1/12/04 Starting at 8 am and three hours and four taxi rides later and we had organized the shipping for the motorcycle to Bangkok on the 17th of December. A once weekly, five day container ship crossing directly to Thailand. Customs at the port suggested we use Wan Hai Lines, (632) 525-5118, cnr of T.M.Kalaw and Cortada streets, Ermita in downtown Manila. They are providing us with a 20ft container, just for the one motorcycle, $US 100-00 shipping, $US 30.00 paperwork and handling, including one week's storage if needed in Bangkok. We could probably have found a cheaper consolidator rather than renting an entire shipping container but that would have made customs more difficult, possibly at both ends, and we would likely have needed to crate the motorcycle. We also have greater security with our own container, especially at this price. All paperwork, including customs clearance, finalized this morning. Wherever possible we prefer to do the customs work ourselves. It's quicker and cheaper. We usually get personalized attention being foreigners and the one off nature of our request.
2/12/04 For the last couple of years Kay has not been getting the same enjoyment out of travelling as she used to nor as much as I continue to get. There have been many discussions on the subject, at times quite in depth. At my age of 51 and with a further possible life expectancy of another twenty five years, and most probably not needing to work again if careful with savings, and with no great ambitions, must do's, or challenges at the back of my mind, it is difficult to see an alternative to travel other than sitting on the porch whittling, or growing vegetables. We have covered the spectrum of university, private business, farming, government work, working on boats, raising three children and even taking up bridge and dabbling in the share market for a year or two before becoming restless enough to start travelling full time. None of which do I have any great desire nor need to return to. Kay on the other hand is not enjoying travelling any more and has a need to put down roots. A house, family and friends. Unfortunately after over thirty years of marriage we have come to an impasse, our first. It has been a long time discussed as mentioned above but we must unfortunately go in separate directions from here. Neither sees the possibility of adopting the other's lifestyle or a compromise lifestyle in the foreseeable future so it must be considered a permanent arrangement. The ending of one book with a quiet time for reflection before the commencement of the next. Kay booked her flight out of Manila for Australia, leaving on the 19th December and I booked my flight to Bangkok leaving on the 18th December. We plan to have our last two weeks together travelling in the Northern Luzon region.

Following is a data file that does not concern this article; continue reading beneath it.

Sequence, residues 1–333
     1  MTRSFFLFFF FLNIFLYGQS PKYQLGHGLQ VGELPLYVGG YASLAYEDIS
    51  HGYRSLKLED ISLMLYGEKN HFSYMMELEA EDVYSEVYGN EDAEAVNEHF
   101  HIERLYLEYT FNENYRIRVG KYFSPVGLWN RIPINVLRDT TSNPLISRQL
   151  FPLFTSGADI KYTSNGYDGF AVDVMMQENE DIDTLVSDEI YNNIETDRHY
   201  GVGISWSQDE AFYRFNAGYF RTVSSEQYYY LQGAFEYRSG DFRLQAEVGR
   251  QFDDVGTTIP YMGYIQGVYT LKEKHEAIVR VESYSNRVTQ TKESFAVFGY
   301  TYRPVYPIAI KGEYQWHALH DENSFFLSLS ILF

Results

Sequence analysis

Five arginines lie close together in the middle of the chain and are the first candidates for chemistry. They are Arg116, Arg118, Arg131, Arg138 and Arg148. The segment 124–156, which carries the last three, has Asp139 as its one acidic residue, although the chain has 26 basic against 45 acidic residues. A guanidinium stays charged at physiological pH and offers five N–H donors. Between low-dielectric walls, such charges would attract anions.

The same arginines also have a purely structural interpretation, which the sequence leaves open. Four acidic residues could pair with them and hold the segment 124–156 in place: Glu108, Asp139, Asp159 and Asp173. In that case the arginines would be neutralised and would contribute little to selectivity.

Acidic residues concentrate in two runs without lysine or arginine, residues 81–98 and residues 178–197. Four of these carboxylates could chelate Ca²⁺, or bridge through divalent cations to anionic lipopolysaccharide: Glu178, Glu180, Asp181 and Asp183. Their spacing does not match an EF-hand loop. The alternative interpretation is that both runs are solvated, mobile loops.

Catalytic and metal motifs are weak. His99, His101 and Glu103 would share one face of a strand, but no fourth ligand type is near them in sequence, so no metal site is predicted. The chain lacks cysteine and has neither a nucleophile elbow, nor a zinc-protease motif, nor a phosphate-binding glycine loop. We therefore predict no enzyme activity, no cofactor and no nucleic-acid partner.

3/12/04 The twenty fourth typhoon to hit the Philippines this year killed 600 people last weekend with another one expected to hit the same region to the east of Manila yesterday afternoon, passing over the city last night, we decided to stay put another day. The winds did arrive and blew solidly all night, not too much rain, but still raining this morning, clearing in the afternoon for us to walk around the fort area and parks of the older city. I also took the opportunity to get a Vietnamese visa yesterday, twenty minutes, $60.00 US, and applied for a Laos visa today, three days wait and $30.00 US.